While energy and intelligence are major factors that Warren considers critical to predicting a new hire’s success, it’s that first one — integrity — that he’s especially focused on. 

“If you don't have the first, the other two will kill you,” he says. “If you hire somebody without [integrity], you really want them to be dumb and lazy.”


Related: The Most In-Demand Hard and Soft Skills of 2020


That said, Warren believes a combination of these traits is essential in a truly great hire. Energy ensures they’ll take initiative and add value, intelligence is all about solving problems and innovating, and integrity keeps them honest. If a candidate doesn’t possess this golden trifecta, you may struggle to mould them into the type employee you want.

"IQ, integrity, and energy cannot be taught,” says Penny Herscher, director of numerous public company boards and a proponent of Warren’s hiring philosopher. “I believe these are innate attributes found within certain individuals. So if these attributes are not easily noticeable early during the interviewing process, then they most likely won't be there once the person is on board.”

7. Ken Chenault, former CEO of American Express, probes for intellectual curiosity and teamwork

For Ken Chenault, former CEO of American Express and current chairman and managing director of venture capital firm General Catalyst, intellectual curiosity is one of the most attractive traits a candidate can possess. That means being open to hearing other perspectives — otherwise, they may prove to be narrow-minded or a one-trick pony. 

To assess intellectual curiosity, Ken asks, “What are some of the things you have done that you think were out of your comfort zone?”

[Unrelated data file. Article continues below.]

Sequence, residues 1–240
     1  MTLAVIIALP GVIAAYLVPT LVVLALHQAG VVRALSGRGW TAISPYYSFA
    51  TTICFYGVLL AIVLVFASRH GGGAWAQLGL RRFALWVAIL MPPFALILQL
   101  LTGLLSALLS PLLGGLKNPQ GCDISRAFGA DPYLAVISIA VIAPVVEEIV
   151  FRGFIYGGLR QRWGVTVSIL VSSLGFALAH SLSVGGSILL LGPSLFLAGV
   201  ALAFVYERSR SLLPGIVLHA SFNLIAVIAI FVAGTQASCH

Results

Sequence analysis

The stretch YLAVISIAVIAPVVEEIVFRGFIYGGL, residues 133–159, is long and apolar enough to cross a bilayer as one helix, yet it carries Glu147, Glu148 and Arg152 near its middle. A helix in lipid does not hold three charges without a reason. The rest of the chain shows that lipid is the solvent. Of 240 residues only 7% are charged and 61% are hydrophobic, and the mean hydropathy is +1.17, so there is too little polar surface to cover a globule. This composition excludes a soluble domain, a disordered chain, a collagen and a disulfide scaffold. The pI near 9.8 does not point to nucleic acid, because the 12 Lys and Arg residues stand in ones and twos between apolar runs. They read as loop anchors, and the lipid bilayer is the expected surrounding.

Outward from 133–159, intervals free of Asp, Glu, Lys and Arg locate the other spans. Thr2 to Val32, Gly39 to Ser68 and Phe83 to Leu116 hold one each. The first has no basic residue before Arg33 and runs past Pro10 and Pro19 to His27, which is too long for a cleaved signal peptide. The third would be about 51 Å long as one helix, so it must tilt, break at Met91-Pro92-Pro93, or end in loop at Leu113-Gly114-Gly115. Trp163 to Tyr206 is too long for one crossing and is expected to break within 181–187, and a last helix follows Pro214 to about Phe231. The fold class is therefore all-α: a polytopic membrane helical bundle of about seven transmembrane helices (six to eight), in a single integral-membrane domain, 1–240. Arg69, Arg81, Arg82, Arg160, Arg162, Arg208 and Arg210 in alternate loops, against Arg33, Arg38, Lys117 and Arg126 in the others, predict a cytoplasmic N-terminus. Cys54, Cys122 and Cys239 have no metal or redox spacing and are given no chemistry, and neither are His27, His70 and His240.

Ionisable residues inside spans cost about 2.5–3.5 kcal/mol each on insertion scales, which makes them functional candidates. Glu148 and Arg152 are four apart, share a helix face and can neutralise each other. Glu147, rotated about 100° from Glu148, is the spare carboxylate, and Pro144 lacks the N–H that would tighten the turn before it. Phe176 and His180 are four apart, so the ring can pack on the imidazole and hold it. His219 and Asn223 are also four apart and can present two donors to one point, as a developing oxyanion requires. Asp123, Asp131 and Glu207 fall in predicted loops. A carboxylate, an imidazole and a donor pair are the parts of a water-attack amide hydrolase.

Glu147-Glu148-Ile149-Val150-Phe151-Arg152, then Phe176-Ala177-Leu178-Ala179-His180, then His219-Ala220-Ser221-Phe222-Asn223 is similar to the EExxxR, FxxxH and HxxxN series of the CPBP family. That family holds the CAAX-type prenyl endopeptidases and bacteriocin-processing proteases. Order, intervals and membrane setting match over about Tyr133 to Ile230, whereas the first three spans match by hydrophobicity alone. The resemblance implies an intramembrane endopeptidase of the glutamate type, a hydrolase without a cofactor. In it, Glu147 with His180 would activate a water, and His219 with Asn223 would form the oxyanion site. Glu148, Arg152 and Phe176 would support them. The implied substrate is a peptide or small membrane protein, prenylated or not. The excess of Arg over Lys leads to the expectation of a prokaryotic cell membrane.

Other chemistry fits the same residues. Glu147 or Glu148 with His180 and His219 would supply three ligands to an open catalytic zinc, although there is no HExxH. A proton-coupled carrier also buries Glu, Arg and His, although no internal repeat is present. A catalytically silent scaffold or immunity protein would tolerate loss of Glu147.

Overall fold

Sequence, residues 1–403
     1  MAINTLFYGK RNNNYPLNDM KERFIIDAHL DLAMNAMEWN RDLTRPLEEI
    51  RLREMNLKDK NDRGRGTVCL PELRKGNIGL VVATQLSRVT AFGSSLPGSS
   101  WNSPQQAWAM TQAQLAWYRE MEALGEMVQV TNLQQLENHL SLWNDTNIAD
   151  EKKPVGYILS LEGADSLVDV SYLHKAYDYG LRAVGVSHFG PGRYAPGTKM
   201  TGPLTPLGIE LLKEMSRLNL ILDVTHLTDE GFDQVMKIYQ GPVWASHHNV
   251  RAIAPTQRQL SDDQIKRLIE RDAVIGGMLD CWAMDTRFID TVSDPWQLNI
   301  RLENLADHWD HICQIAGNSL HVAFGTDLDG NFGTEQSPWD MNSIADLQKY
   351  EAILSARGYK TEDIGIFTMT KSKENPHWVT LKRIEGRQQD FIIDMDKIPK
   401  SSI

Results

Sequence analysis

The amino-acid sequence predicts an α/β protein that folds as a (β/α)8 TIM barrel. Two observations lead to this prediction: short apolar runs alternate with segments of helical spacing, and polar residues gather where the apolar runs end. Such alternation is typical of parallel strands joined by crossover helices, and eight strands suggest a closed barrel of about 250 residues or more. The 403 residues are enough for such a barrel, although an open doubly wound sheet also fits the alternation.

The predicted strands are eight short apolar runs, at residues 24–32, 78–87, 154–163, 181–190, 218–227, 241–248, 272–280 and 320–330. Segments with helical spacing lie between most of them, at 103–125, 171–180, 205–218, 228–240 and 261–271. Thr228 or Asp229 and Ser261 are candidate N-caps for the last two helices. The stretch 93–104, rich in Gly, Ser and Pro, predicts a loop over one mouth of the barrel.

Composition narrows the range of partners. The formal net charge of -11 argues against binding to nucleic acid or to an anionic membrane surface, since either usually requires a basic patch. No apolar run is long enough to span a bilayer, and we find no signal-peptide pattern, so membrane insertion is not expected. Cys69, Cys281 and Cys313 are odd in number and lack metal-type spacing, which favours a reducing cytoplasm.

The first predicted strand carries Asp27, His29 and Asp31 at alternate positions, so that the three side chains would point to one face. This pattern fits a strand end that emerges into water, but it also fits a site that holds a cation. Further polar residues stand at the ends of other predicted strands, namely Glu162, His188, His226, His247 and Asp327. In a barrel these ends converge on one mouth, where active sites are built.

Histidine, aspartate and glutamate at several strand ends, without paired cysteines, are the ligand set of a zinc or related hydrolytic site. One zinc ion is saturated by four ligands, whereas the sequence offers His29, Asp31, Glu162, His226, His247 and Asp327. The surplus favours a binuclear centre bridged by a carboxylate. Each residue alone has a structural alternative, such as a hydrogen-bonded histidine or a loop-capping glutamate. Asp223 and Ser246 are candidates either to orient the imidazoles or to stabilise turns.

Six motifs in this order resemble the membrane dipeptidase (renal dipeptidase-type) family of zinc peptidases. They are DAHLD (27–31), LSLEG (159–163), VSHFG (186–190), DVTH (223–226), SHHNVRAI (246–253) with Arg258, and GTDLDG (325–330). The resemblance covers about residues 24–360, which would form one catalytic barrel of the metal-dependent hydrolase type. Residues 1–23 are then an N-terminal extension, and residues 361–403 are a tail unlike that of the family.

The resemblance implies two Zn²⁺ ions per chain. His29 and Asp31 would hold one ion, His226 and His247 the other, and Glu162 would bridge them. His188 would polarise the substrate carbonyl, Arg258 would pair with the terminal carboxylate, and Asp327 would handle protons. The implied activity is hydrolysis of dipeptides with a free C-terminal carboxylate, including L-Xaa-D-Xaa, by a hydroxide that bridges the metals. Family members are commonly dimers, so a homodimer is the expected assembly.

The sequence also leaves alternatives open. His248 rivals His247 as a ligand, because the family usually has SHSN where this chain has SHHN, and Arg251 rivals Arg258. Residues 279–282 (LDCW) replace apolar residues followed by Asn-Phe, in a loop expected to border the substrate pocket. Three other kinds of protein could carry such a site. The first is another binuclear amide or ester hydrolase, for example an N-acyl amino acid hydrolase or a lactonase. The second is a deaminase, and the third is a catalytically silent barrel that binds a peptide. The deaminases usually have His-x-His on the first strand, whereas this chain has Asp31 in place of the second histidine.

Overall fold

“People have a different way of talking about their comfort zone,” he told The Wall Street Journal. “But what you can start to glean is, from an intellectual standpoint, how open were they to different ideas and views? And you can challenge them on some things, and you can be contrarian and see how they will respond to that.”

Once Ken is satisfied that a candidate is intellectually curious, he likes to ask, “If I were to talk to someone about you, what would be three areas that they would cite that would be instrumental in your success?” He says candidates will answer this question in one of two ways: By telling you what they want you to hear, or by revealing what qualities they personally view as most important to their own success. Either way, their answer will give you a good indication of whether they value collaboration and teamwork

“Some people will give you the list of what they did and they’ll use ‘I’ a lot and ‘this is what I did’ and ‘I had to do this,’” Ken says, “and they don’t talk at all about what they were able to do to motivate and inspire people to accomplish the objectives.”

8. AMD’s Lisa Su aims to hire people who want to make an outsized impact

When Lisa Su, president and CEO of multinational semiconductor company Advanced Micro Devices (AMD), first began managing people, she says she didn’t give a great deal of thought to understanding what made her teams tick. Since her own motivation stemmed purely from the projects at hand, it never occurred to her that other people might find motivation in other places. It took her then-boss to make her see that everyone approaches work a little differently — a lesson that’s influenced her hiring decisions ever since. 

Today, Lisa is careful to find people who will thrive in the fast-paced and competitive semiconductor industry. Despite being a Fortune 500 company, AMD is smaller than its competitors, so Lisa looks for people who “want to take a risk, do something very special in the industry, and fight the battle with less resources and more freedom.” 

To identify candidates who’ll be motivated by these challenges instead of being demoralized by them, Lisa emphasizes that they’ll “learn a ton and make a big impact.” That’s not for everyone — but to some, it’s everything.